My Immigrant Story
My grandfather, dad’s dad, was a very debonair man, tall, charming, and always rocking a Don Draper-like fedora. Yet my story begins like many stories of children from immigrants with a man in a fedora and a one suitcase arriving to the US in search for a better life. No matter his charm, his command of Spanish or his intelligence, arriving to a country as an afro-Latino man in the 1960s was nothing short of intimidating. Well, I assume because you would never know just by looking at him.
My grandmother, mom’s mom, had a similar story. She arrived in 1962 by herself, with only an aunt-in-law to house her as she worked in factory after factory while her kids, in the Dominican Republic, fell asleep to the far-away sounds of the ocean. I heard she also used to run numbers, an activity while not 100% legal, gave her some extra cash to be able to make long distance calls. My mother told me in the 60’s everyone who called from New York sounded like they might as well have been on the moon. When my grandmother got older she suffered from Alzheimer’s and moved back to live in her home by the ocean. When I would call her no matter how much I reminded her “mama it’s the 90s you don’t have to yell anymore” she would forget every time. Until she finally forgot my name. But that’s another story.
After some years both sets of grandparents brought their kids, my parents, to NYC where they met, married and had two children. They eventually divorced and my dad had another daughter. As we grew up in Queens and went to school, watched TV, read books, had conversations with kids from other backgrounds I started to realize how different my upbringing was.
The world around me was a result of the diaspora that we were placed in, far away from that ocean. From the palm trees and the heat and cabs with no floors. People walking around steaming on an island that was just a distant memory to my family and barely a memory for me.
The only island I ever knew was Manhattan.
Those thoughts shaped who I was. As I got older, went to college, and started working in the corporate world - even though I was born and raised here and spoke fluent English, there is always a bit of a distance between those that have been here for generations. Where they might not know where their ethnicity lies.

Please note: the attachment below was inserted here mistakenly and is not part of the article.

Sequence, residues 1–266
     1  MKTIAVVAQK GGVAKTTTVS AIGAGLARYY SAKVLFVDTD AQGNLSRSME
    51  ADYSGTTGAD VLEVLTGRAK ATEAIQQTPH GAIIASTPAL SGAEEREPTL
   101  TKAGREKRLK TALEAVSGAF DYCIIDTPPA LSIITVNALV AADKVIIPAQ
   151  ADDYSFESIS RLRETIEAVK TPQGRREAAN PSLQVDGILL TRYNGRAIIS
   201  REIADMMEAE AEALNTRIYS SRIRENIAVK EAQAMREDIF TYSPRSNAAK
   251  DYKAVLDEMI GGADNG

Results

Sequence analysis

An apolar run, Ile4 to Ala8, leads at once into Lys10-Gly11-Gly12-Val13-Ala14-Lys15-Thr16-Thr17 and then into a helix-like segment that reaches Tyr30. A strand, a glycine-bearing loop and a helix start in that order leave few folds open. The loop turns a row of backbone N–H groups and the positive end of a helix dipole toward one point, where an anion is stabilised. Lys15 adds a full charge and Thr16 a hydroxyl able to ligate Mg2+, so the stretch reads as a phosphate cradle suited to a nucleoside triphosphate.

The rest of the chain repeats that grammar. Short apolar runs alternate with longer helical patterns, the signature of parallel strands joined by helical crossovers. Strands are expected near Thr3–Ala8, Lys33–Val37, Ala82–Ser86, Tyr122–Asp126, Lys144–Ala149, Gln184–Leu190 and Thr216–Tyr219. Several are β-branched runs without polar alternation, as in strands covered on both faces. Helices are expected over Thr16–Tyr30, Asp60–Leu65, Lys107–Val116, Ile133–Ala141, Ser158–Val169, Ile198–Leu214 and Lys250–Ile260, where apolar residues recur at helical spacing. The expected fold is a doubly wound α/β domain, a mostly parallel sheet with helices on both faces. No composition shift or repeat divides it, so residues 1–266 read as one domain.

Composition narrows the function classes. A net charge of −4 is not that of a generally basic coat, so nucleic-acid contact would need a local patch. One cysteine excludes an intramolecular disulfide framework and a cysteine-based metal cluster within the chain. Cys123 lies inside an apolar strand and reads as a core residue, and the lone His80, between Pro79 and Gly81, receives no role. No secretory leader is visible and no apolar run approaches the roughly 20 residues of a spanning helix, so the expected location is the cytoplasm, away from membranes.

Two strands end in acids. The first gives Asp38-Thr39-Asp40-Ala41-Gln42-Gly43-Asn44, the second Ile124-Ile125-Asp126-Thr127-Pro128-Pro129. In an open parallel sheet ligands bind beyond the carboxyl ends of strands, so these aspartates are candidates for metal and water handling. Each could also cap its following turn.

When I was in 6th grade my mother packed my lunch in my Jem lunchbox. For a drink she poured malta in my thermos, a lightly carbonated malt beverage, brewed from barley, hops, and water that was sweet with a strong taste. https://en.wikipedia.org/wiki/Malta_(soft_drink)I dropped my lunch box and the malta spilled everywhere. All the kids in school who weren’t Latinx smelled it in disgust and said my Coke had gone bad. I was too embarrassed to admit it was not Coke it was a soft drink the same caramel color as the people who brewed it.
As I have gotten older my confidence in my Dominican-American identity has gotten to be a more comfortable duality. I know that the reason my voice is unique and the experiences I have had so far in my life are a result of how proud my family are with being a part of a community that is so full of color, laughter and culture. I drink a malta with my burger. I wear my grandfather’s fedora when I walk to brunch holding both parts of me in my heart.
Written by Maddy Cuello
Madelyn was born and raised in NYC where she still lives. She started her career in fashion, after attending the Fashion Institute of Technology, but soon realized creative writing was her true calling. She is a story teller, cat-enthusiast and lover of TV.